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I use this to create a unique file name for the execution of the batch file.

REM ****Set up Logging ****
For /f "tokens=2-4 delims=/ " %%a in ('date /t') do (set mydate=%%c-%%a-%%b)
For /f "tokens=1-2 delims=/:" %%a in ("%TIME%") do (set mytime=%%a%%b)
set mytime=%mytime: =0%

set Logname="PCCU_%mydate%_%mytime%.log"
Echo.  >>%Logname% 2>>&1
Echo.=================== >>%Logname% 2>>&1

I had to add the line

set mytime=%mytime: =0%

because I had the same problem where a blank was being entered before 10 AM, now I get 09 instead of 9. I also reuse the %mydate% and %mytime% variable for other files that I create with this script so that they all have the same date time stamp.

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This routine, actually only one line, works on every system set to any date or time format.
Output of line 1 is in format 20140725095527.710000+120

The actual date/time format you need is determined in line 2. You can format it however you want.
Just add the resulting DateTime variable to your filename ie. Filename_%DateTime%.log

FOR /f %%a IN ('WMIC OS GET LocalDateTime ^| FIND "."') DO SET DTS=%%a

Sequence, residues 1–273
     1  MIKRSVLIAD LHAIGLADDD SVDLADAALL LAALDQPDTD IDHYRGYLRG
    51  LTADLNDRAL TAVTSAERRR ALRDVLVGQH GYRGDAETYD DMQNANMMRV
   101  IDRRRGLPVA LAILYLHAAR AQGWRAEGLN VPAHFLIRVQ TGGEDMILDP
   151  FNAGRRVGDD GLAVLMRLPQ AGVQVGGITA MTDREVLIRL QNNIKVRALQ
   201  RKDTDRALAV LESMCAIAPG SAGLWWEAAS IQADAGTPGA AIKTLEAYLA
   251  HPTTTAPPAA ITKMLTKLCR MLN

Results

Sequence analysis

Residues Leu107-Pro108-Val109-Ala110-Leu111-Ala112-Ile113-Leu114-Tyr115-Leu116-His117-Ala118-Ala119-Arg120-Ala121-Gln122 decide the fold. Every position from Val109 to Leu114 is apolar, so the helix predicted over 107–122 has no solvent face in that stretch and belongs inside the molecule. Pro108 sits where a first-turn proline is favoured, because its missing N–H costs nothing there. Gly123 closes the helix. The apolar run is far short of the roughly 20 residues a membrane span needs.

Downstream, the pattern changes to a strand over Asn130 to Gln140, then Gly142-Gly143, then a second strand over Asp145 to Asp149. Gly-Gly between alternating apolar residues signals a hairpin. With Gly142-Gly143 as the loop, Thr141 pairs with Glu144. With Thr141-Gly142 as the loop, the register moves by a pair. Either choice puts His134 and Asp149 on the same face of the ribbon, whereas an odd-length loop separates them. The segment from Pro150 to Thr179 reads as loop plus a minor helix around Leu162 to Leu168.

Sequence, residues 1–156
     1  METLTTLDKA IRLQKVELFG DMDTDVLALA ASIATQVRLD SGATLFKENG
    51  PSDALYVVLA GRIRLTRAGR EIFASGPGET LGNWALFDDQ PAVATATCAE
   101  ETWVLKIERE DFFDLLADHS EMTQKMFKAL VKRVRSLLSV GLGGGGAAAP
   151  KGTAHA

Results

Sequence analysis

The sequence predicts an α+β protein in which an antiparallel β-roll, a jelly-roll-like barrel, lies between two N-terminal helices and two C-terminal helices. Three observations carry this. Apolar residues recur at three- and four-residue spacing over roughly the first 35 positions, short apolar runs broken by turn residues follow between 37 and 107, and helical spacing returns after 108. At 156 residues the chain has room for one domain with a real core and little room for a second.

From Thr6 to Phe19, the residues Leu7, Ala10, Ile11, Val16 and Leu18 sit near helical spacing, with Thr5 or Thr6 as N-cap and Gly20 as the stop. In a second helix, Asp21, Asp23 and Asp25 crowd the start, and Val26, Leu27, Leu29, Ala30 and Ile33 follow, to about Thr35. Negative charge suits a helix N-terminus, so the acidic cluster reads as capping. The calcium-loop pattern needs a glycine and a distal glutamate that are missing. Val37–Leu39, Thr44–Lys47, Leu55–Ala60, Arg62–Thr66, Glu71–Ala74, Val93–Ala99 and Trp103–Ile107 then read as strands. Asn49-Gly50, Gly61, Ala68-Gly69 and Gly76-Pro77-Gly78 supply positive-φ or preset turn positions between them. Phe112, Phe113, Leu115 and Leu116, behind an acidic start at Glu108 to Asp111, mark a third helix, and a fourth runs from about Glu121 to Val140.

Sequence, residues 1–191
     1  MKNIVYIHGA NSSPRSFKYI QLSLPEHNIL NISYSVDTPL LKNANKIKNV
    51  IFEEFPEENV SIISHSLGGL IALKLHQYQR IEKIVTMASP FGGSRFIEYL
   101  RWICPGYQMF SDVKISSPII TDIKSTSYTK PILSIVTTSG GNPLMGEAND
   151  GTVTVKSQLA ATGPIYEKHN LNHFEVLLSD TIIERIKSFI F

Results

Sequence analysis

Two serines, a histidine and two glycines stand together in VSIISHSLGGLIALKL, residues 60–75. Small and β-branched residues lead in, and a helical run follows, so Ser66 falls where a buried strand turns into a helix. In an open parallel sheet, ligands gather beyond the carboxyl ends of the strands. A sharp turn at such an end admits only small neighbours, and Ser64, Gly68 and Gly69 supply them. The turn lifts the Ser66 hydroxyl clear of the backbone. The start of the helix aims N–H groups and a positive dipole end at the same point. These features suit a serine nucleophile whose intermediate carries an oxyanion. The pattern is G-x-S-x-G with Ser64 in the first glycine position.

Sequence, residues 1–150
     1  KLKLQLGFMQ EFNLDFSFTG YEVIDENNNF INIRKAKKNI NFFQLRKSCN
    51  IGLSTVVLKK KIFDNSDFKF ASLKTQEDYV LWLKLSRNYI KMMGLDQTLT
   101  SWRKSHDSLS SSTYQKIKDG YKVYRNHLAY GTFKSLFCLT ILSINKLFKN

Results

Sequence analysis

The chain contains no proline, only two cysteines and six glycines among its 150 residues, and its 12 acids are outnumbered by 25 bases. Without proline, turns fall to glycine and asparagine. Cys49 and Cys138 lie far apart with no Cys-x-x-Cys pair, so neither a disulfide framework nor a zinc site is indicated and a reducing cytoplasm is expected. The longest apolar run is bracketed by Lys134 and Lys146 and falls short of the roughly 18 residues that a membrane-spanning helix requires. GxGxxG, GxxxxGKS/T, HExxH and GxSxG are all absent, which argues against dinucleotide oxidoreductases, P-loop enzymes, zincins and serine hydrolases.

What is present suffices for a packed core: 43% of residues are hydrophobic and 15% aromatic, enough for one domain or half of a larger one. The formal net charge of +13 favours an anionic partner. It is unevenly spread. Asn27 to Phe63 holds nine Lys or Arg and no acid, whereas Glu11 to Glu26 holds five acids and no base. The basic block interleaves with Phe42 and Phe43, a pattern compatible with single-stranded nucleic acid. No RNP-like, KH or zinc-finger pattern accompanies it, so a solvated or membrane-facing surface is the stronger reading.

SET DateTime=%DTS:~0,8%-%DTS:~8,6% | REM OUTPUT = 20140725-095527
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I made this universal, Will work on any environment where date format may be different.

echo off
if not exist "C:\SWLOG\" mkdir C:\SWLOG
cd C:\SWLOG\
cmd /c "powershell get-date -format ^"{yyyyMMdd-HHmmss}^""> result.txt
REM echo %time% > result.txt
type result.txt > result1.txt
set /p filename=<result1.txt
echo %filename%
del C:\SWLOG\result.txt
del C:\SWLOG\result1.txt
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To make the code in the previous example work, I needed to adjust slightly. I presume this is because my PC is using a UK date format. To get back "2014-04-19" in mydate I needed:

For /f "tokens=1-3 delims=/ " %%a in ('date /t') do (set mydate=%%c-%%b-%%a)

Below I've pasted my total script, and included an example of how to use the filename

For /f "tokens=1-3 delims=/ " %%a in ('date /t') do (set mydate=%%c-%%b-%%a)
For /f "tokens=1-2 delims=/:" %%a in ("%TIME%") do (set mytime=%%a%%b)
set mytime=%mytime: =0%

set Logname="c:\temp\LogFiles\MyLogFile_%mydate%_%mytime%.log"
Robocopy  \\sourceserver\Music H:\MyBackups\Music /MIR /FFT /Z /XA:H /W:5 /np /fp /dcopy:T /unilog:%Logname% /tee 

Hope this helps!

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If you can guarantee that the machine has a specific version of Python installed on it and accessible in the system's PATH, you can use this solution:

FOR /F "tokens=* USEBACKQ" %%F IN (`python -c "import datetime; print 
datetime.datetime.now().replace(microsecond=0).isoformat().replace(':', '-')"`) DO (

This will put the current local ISO-8601(ish) date representation into a %TIMESTAMP% variable and echo it out, like so:


I've put replace(':', '-') after the isoformat() so that the resultant string can be used in a filename or directory, since : is a forbidden character in the Windows filesystem.